tomatoes, stake em or let em sprawl

Discussion in 'Gardening & Plant Propagation' started by kentuckyhippie, Jan 2, 2005.

  1. kentuckyhippie

    kentuckyhippie Well-Known Member Supporter

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    in your opinion what are the good points and bad points of staking tomatoes instead of letting them just sprawl on the ground
     
  2. Staking, takes less room up in your garden if they grow up instead of out. Same with cucumber vines.
     

  3. moonwolf

    moonwolf Well-Known Member

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    It depends. Varieties of tomatoes are 'determinate' or 'indeterminate' .
    There are varieties with strong stalk that don't need staking, especially if you start the transplnats by deep planing the stalk. I used to dig a hole for the roots as normal about 6 inches deep and place the plant laying down. Bury all that except the exposed top few inches showing about 3 rows of the primary leaves. Push dirt against the plant so it stands up. This will cause stalk roots to firmly implant the tomatoe plant to keep it sturdy. No staking needed.
    If you have the indeterminate varieties that like to do a lot of 'vining', it's better to use cages or staking. The plum or small cherry tomatoes are best grown on trellis fencing and easy multitudinous picking. :D
     
  4. mary,tx

    mary,tx Well-Known Member Supporter

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    If you do not support the vines, the tomatoes will lay on the ground.
    Tomatoes laying on the ground very quickly rot, and there goes your harvest!
    Best to cage them early, imo.
    mary
     
  5. culpeper

    culpeper Well-Known Member

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    They are best staked. They can get soil-borne diseases if left lying around, and fruit touching the ground usually rots more easily, especially if the soil is kept moist. Good air circulation is important for tomatoes. If you don't like staking, why not check out how to grow them upside down from hanging containers? There's a site out there somewhere telling you how to go about it, and it was mentioned here a while back.
     
  6. jackie c

    jackie c Well-Known Member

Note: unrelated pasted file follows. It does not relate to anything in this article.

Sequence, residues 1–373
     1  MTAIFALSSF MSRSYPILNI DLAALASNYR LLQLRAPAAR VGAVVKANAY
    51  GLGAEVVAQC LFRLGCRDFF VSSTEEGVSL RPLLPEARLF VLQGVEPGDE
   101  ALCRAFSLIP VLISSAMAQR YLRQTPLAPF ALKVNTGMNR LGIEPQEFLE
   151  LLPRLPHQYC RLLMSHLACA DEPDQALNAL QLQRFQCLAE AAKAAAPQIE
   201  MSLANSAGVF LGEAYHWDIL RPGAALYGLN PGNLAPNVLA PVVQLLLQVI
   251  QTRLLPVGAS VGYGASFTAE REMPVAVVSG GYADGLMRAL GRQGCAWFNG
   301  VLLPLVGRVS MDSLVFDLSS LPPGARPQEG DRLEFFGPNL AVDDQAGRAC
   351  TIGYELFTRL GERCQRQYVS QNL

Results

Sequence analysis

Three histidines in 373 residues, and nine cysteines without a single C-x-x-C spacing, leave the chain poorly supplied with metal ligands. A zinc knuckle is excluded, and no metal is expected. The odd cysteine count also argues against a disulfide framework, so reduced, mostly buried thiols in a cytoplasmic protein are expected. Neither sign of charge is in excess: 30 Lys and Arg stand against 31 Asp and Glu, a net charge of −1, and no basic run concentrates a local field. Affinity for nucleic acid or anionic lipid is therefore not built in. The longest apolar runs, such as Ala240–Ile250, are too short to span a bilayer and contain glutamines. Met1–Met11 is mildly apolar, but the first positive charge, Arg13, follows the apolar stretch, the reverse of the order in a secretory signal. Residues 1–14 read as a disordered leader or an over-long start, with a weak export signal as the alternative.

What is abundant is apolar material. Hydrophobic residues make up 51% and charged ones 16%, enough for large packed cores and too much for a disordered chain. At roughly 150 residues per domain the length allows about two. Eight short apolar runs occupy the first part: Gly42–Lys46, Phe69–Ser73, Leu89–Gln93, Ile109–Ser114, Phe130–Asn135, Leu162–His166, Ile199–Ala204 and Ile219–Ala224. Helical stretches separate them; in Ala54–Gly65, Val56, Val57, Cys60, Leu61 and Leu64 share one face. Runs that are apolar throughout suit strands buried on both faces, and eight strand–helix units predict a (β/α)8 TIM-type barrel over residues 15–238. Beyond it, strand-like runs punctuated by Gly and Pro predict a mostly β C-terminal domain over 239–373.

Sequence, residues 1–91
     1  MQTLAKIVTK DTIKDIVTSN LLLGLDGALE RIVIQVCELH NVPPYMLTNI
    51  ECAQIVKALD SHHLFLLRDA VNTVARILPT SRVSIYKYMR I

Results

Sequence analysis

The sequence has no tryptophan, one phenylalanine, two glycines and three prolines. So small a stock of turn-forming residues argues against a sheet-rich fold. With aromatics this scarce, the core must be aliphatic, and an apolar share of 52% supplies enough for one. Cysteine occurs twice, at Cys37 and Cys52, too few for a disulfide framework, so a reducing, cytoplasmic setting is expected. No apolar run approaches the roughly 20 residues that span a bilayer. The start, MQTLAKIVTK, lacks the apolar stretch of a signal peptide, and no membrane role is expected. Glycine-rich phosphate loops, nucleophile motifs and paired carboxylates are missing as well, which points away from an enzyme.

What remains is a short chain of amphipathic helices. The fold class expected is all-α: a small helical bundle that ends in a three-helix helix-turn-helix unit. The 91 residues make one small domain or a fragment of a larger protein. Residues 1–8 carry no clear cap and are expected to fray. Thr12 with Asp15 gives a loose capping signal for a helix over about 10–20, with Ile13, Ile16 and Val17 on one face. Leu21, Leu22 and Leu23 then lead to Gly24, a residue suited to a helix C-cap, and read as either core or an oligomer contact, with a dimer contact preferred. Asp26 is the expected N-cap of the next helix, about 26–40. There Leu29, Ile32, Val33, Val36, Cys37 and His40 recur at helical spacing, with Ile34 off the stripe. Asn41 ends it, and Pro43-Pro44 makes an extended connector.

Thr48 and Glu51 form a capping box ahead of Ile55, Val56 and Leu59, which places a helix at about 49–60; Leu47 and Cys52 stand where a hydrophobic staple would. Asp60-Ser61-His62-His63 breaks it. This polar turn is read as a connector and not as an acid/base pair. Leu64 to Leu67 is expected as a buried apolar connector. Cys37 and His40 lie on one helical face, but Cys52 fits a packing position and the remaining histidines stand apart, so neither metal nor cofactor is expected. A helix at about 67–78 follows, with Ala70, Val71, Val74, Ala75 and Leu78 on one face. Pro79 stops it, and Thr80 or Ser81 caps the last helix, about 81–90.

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    I just read this in a gardening book I have...
    Advantages,
    Very little time spent caring for crop. Little or no pruning, no staking and training, no supports to build or buy
    Total yeild seems to be higher than staked or caged plants
    Disadvantages,
    In wet weather many gardeners will have rot or bug problems, especially slugs.
    Reqire more room, sprawling plants will bush out quite a bit.
    Sometimes it is hard to pick tomatoes close to the ground or even hidden by thick growth
     
  7. ajaxlucy

    ajaxlucy Well-Known Member Supporter

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    I wish there were a way to keep tomato plants up off the ground without having to tie them up or otherwise touch them. Touching the leaves gives me a rash. Maybe I should try growing them so that they sprawl on pallets or something.
     
  8. Hank - Narita

    Hank - Narita Well-Known Member

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    It probably depends on where you live. We are in AZ and the ground is mostly dry during the summer. Staking the tomatoes is a lot of work and expense. Then at the end of the season you have to take the cages out and store somewhere. Both pros and cons so try both methods for your garden.
     
  9. tallpaul

    tallpaul Well-Known Member

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    I use hog fence and intertwine the stems as they grow but as far as your problem- How about some surgical gloves? you may find them on the cheap? Also maybe fells naptha soap if used fairly quick after your exposure may eliminate or at least reduce the problem? I also started to used liquid dishsoap applied liberally to my hands and lower arms and rubbed in before I work on greasy stuff (if I remember or am not to lazy!) and everything washes off easy without the junk getting into my skin- the soap ending up on the leaves should not hurt them either.
     
  10. mpillow

    mpillow Well-Known Member Supporter

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    We made re-mesh supports for our tomatoes. They are 5ft tall with 18in diameter held together with wire ties. Expensive about $100 for 35 but the best we have ever used and they should last a long time.
     
  11. mistletoad

    mistletoad Well-Known Member Supporter

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    We grew over 200 plants last year, you better believe I did not stake them! lol